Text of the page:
Developing warning systems and technology can save lives

Tino Kreutzer
In Liberia, solar panels are used to generate energy for media technology.
Image: Tino Kreutzer

The Red Cross report reveals that the lack of information and technology has great impact on peoples’ abilities to prepare themselves, respond to and recover from disasters.

World Disasters Report 2013
  • An annual publication in English with expert information and data on disasters.
  • Published by The International Federation of Red Cross and Red Crescent Societies (IFRC).
  • The report launched 17th of October 2013 focuses on technology and the future of humanitarian action.

There is a wide ”digital gap” between different countries. This means that new technologies are beneficial for countries in high-risk territories when it comes to preparing for disasters and surviving from them.

However, most of the countries located in such hazardous areas do not have access to this kind of technology, which is a life-threatening problem. This is concluded by the Red Cross World Disasters Report, which focuses on technology and the future of humanitarian intervention.

Innovations like weather prediction software, satellite imagery and mass alert systems are advantageous for humanitarian work. Social media can also be used to gather information about where help is needed and what kind of situation the victims are in.

- At the turn of the year, typhoon Bopha affected 6.3 million people in the Philippines, and thousands of lives were saved because 90 % of the population had access to mobile phones. This way they could receive warnings and safety information through text messages, says Bekele Geleta, Secretary General of the International Federation of Red Cross (IFRC).

The Red Cross urges governments, the private sector, the humanitarian community and civil society to collaborate, so that both those helping and those in need of help have access to new technology. Previous partnerships have given good results.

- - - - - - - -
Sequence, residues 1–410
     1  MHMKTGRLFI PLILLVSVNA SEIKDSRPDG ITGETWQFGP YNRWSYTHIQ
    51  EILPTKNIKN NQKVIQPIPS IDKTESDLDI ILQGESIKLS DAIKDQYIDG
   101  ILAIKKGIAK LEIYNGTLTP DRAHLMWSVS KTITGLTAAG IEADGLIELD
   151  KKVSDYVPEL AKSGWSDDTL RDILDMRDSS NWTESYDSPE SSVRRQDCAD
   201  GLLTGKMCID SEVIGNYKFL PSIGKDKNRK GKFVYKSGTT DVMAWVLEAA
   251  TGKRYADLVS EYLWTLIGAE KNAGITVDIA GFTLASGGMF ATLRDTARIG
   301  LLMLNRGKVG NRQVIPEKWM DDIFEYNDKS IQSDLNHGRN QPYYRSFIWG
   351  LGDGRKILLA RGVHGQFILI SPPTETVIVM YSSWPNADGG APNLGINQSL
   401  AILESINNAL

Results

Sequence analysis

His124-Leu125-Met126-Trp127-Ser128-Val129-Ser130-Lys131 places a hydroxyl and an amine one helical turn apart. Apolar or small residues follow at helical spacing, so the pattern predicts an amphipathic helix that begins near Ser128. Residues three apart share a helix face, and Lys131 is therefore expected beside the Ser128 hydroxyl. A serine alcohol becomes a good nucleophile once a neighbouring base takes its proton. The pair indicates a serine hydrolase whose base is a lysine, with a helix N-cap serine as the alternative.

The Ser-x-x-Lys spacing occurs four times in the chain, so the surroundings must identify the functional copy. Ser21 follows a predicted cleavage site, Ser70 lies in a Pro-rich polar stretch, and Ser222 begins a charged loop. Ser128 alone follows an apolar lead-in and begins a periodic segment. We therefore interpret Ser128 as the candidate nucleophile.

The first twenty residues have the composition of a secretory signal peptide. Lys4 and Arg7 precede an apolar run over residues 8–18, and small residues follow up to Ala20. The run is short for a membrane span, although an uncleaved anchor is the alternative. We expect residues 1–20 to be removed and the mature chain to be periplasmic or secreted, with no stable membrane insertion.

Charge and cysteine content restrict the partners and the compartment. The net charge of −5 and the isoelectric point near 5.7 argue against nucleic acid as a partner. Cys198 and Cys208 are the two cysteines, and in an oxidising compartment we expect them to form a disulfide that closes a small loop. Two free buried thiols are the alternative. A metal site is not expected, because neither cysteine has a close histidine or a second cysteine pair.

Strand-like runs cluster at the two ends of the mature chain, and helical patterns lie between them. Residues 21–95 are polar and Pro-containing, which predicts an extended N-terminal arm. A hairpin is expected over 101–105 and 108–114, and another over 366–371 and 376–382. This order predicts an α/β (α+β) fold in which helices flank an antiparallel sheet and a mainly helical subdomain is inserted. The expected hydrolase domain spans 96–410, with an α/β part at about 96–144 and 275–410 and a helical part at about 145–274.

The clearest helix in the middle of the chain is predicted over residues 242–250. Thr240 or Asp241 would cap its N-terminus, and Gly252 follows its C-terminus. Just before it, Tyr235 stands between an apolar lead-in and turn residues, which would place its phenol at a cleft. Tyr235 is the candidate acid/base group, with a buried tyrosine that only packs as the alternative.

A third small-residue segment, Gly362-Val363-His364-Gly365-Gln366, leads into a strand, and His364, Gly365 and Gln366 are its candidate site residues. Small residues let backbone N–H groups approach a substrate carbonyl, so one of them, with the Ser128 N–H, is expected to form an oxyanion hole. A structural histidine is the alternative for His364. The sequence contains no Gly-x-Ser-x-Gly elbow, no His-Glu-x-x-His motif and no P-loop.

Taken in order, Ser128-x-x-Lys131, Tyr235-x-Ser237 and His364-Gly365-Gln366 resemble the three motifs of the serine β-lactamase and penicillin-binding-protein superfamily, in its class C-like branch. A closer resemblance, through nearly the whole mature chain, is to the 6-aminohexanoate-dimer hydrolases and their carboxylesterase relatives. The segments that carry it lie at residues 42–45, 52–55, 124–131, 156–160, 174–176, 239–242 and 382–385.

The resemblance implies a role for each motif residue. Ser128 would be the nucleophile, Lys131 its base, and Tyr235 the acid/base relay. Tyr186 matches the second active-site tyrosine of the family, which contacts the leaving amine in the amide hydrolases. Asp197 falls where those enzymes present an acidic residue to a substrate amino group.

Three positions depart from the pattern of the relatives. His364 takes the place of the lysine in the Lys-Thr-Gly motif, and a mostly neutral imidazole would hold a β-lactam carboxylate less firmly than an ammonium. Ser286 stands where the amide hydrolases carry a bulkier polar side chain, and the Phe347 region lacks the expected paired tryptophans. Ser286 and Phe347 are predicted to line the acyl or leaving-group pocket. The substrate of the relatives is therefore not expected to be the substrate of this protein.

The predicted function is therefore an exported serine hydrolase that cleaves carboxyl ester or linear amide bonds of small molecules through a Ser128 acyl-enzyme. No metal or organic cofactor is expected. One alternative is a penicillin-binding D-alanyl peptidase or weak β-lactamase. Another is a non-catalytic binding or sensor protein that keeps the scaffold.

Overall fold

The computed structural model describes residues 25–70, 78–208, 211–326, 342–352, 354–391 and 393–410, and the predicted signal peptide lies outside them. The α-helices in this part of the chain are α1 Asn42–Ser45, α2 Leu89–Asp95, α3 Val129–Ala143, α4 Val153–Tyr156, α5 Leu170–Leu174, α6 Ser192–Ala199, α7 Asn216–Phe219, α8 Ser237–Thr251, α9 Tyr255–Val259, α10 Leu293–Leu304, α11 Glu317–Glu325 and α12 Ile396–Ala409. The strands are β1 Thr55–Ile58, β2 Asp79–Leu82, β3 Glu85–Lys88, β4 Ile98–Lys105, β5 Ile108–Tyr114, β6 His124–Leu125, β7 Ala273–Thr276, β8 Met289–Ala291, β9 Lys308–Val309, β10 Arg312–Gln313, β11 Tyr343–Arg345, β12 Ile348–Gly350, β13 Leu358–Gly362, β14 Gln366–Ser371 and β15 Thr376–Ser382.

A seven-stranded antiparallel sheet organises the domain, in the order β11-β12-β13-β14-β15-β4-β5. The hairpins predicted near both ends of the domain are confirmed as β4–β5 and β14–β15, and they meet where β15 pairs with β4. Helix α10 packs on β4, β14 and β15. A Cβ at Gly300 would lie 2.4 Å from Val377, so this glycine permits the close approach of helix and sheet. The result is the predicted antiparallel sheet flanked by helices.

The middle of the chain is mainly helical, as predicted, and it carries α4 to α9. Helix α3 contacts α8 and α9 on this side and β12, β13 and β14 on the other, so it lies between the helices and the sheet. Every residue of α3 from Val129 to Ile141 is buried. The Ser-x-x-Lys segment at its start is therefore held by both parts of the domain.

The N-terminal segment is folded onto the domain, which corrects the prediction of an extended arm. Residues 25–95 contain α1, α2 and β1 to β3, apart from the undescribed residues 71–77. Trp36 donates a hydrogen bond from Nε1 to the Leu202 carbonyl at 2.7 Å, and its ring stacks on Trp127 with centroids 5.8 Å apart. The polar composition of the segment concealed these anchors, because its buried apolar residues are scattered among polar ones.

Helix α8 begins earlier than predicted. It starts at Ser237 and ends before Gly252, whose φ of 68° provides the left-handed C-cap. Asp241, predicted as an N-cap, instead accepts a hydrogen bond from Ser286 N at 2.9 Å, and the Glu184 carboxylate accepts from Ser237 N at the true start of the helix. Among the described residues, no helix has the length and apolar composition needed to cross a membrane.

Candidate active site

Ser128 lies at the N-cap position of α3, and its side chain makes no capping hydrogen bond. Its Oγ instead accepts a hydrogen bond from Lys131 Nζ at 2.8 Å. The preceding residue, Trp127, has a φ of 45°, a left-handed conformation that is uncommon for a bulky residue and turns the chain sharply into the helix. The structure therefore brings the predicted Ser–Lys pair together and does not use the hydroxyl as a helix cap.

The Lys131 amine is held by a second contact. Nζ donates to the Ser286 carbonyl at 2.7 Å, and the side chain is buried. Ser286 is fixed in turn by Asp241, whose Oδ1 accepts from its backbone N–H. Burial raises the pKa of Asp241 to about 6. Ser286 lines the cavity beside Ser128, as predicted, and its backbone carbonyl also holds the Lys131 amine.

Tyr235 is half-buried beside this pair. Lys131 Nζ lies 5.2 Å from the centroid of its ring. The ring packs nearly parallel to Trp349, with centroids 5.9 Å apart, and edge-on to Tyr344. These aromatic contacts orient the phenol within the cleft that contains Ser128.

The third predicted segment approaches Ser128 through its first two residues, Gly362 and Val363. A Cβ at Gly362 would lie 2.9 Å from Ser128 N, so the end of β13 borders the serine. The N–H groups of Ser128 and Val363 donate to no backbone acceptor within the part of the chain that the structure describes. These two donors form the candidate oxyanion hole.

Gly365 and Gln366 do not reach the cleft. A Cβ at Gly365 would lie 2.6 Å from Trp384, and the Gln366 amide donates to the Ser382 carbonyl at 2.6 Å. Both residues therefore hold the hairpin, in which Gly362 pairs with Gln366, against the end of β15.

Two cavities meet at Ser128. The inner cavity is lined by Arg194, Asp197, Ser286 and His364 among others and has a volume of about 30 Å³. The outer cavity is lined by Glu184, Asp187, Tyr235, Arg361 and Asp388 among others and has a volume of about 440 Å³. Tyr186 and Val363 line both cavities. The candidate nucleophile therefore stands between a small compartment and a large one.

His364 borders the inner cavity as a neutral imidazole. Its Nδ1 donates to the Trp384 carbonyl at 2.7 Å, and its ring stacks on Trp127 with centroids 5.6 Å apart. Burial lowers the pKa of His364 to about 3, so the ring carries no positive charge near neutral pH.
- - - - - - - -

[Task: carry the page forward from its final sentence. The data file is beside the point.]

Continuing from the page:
- The International Federation of Red Cross and the telecommunications company Trilogy created TERA, an SMS text system, which was used on Haiti to send out hurricane warnings and other messages related to preparedness to three million people. The system has now also been built to Sierra Leone and the goal is to expand it to 40 countries. For this we need both private and governmental funding, says Ed Happ, who is Chief of Data Administration at the IFRC.

At the same time, the Red Cross warns, that as warning systems and technologies are being developed, we must not forget those who do not benefit from technology. If humanitarian agencies become too reliant on technology, they are excluding those who are outside these networks.

Disaster data: Number of disaster-related deaths lowest of the decade

The yearly disaster statistics are published together with the report.

During the year of 2012:

  • The number of deaths caused by disasters and the number of people affected by them was the lowest of the decade.
  • The number of deaths caused by natural disasters was 90 per cent below the average for the decade.
  • The total amount of natural disasters was among the lowest of the decade.
  • However, the expenses for natural disasters were the fifth highest of the decade.

In total, 552 disasters were reported worldwide in 2012, with economical losses of almost US$ 158 billion. Hurricane Sandy was the most expensive natural disaster, causing losses of US$ 50 billion. The deadliest natural disaster was Typhoon Bopha, which hit the Philippines in December, killing 1,901 people. Floods accounted for 53 per cent of the natural disasters and affected 139 million people. The most severe ones occurred in April and June 2012 in China.

For further information, please see the webpage of The International Federation of Red Cross and Red Crescent Societies. (www.ifrc.org/WDR2013)